eClinicalWorks Blog Details
- 23 March 2021
Better Ways to Hear Patients’ Stories
Beginning with a new perspective
Dr. Kenneth LeCroy says his family primary care practice, Lighthouse Family Medicine, often has nurse practitioner students who are eager to know what each patient’s diagnosis is. As much as diagnoses matter, Dr. LeCroy offers these students a broader perspective.
“In a family medicine and internal medicine clinic, we generally write about 100 different drugs,” Dr. LeCroy said. “That’s our armamentarium. And we generally deal with about 100 different diagnoses on a career basis. But we deal with about 1,000, or a million, or an infinite number of stories. That’s the heart of medicine. That’s why we went into this — so we can really learn patients’ stories.”
And for truly hearing, recording, and responding to those stories, he adds, there is no better tool than eClinicalWorks.
Reinvention begins with better communication
Dr. LeCroy and his team of 15 full-time employees understand that today’s patients want the same things they themselves want — convenient and safe ways to book, conduct, and follow up with medical visits. The shared goal is simple: Focus on each patient.
That process starts with reinventing how the practice communicates with patients.
For the last two years, Lighthouse Family Medicine has worked hard to train patients — young and old alike — in the use of eClinicalMessenger®. The use of messenger campaigns has reduced the number of phone calls and allowed the practice to effectively address concerns — such as where patients can go to get a COVID-19 vaccine — that could easily flood the practice with phone calls.
Checking in without the dreaded clipboard
As Dr. LeCroy explains in this edition of the eClinicalWorks Podcast, patients and providers also share a dislike of those clipboards that come with long questionnaires.
Today, the practice is using Kiosk to do away with all that paper — which first required patients fill out information, then required staff reenter that information into the EHR, and ended with having to shred all the paper to protect privacy. With the Kiosk, patients can quickly complete their questionnaires and other previsit information electronically and move more quickly to the actual encounter with their provider.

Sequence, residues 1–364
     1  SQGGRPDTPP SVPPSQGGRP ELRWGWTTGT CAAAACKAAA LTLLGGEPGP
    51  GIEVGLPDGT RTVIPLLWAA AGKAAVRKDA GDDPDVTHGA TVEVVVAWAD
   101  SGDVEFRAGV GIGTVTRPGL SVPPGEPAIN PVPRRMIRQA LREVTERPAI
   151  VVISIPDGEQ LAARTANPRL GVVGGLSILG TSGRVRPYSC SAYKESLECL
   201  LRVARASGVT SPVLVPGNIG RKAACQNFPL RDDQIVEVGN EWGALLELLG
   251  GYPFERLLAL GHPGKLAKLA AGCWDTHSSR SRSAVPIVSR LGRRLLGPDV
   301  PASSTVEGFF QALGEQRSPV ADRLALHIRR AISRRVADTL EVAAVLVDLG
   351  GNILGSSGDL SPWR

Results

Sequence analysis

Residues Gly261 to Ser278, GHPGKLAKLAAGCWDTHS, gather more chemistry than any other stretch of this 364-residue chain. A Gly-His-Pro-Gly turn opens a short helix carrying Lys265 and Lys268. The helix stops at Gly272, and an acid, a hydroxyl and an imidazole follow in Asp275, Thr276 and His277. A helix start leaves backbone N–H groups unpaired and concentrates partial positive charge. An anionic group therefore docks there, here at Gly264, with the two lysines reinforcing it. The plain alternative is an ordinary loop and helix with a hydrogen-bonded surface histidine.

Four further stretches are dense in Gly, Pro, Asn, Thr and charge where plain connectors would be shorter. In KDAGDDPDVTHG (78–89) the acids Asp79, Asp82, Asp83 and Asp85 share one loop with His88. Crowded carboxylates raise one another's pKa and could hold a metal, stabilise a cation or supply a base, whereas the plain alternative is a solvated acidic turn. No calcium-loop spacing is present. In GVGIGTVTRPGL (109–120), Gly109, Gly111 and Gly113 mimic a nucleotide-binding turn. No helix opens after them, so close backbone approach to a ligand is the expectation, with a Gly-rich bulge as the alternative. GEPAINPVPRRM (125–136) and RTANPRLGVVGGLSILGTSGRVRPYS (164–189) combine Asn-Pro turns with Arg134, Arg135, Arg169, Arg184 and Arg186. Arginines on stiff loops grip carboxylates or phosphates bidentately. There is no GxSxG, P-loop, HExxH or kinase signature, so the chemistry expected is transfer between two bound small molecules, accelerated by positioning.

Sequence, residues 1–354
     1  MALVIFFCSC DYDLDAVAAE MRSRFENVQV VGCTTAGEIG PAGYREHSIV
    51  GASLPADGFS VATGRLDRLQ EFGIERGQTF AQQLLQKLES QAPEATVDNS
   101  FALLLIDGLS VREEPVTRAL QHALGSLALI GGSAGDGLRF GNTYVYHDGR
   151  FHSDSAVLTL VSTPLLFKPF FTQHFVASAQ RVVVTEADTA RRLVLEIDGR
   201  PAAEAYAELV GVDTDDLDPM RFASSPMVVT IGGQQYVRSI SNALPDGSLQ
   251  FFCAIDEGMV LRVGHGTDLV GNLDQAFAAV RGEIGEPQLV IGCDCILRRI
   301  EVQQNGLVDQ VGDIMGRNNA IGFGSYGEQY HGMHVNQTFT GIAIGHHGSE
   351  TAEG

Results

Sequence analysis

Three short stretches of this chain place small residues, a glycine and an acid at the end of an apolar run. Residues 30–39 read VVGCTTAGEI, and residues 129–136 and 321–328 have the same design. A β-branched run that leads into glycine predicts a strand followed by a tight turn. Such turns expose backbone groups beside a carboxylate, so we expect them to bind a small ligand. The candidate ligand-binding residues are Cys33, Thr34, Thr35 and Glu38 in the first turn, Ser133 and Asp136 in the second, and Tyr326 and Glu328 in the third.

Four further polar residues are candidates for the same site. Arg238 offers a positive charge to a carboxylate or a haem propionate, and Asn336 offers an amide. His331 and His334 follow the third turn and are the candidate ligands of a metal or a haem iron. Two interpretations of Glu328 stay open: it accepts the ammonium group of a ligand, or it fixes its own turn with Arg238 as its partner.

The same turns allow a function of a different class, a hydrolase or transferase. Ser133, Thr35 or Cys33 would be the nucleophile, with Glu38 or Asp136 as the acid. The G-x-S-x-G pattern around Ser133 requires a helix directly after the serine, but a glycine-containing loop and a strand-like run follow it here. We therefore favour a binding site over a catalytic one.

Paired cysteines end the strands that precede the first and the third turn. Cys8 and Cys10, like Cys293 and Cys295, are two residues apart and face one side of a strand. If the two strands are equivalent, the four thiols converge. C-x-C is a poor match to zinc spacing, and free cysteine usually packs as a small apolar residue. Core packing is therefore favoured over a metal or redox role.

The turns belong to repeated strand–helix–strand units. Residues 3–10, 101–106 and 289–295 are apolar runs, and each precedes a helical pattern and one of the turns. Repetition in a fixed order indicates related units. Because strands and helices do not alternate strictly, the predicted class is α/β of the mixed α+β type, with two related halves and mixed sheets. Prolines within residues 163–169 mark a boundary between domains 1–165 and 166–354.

“It’s that interaction with you, the patient, that’s the most important part, and that’s where eClinicalWorks really excels,” Dr. LeCroy said.
Faster and better documentation
Of course, reimagining a primary care practice would not be complete without making the patient encounter as efficient as possible. Here too, Dr. LeCroy has found a solution that works well for him — eClinicalWorks Scribe® on an iPad®.
“I believe that the iPad is a superior tool for documenting when you’re in a room with a patient because it’s less obtrusive,” he said. “The patient is talking about very sensitive things. They’re spilling their heart to you, and they’re really wanting your help. Patients will overestimate the time that you spent with them if you sit with them rather than standing with them. eClinicalWorks really does have the superior product for that.”
“I can get that very complete story which I’ve talked to you about,” Dr. LeCroy adds. “When I just get to say ‘Scribe it,’ it makes things wonderfully happy because I can finish those charts by the end of the day.”
Writing clearer patient stories — without burnout
Take together, Dr. LeCroy points out, eClinicalMessenger, Kiosk, and Scribe can make a real difference for providers who face increased workloads and a consequently higher risk of burnout.
“Let’s keep the doctors we have,” he notes. “That’s really an important aspect of this.”
But there’s one more aspect of medical storytelling that these products help with, one that is familiar to many providers and patients: famously bad handwriting.
“In the old days, I would scribble on a piece of paper,” Dr. LeCroy said. “That was very simple, very fast, and horrible. I had terrible notes. I had terrible handwriting then and still do. I just can’t stress enough how much I am impressed by the Scribe voice dictation system. That is really the best way to keep the Progress Note. So, I’m trying to get my other providers to do it, too.”
Some of his providers, Dr. LeCroy notes, still like to type. But he remains hopeful that they will join him in using Scribe. After all, creating great Notes is the first step toward creating patient stories that lead to accurate diagnoses, clear courses of treatment, and a surer path to better health for all.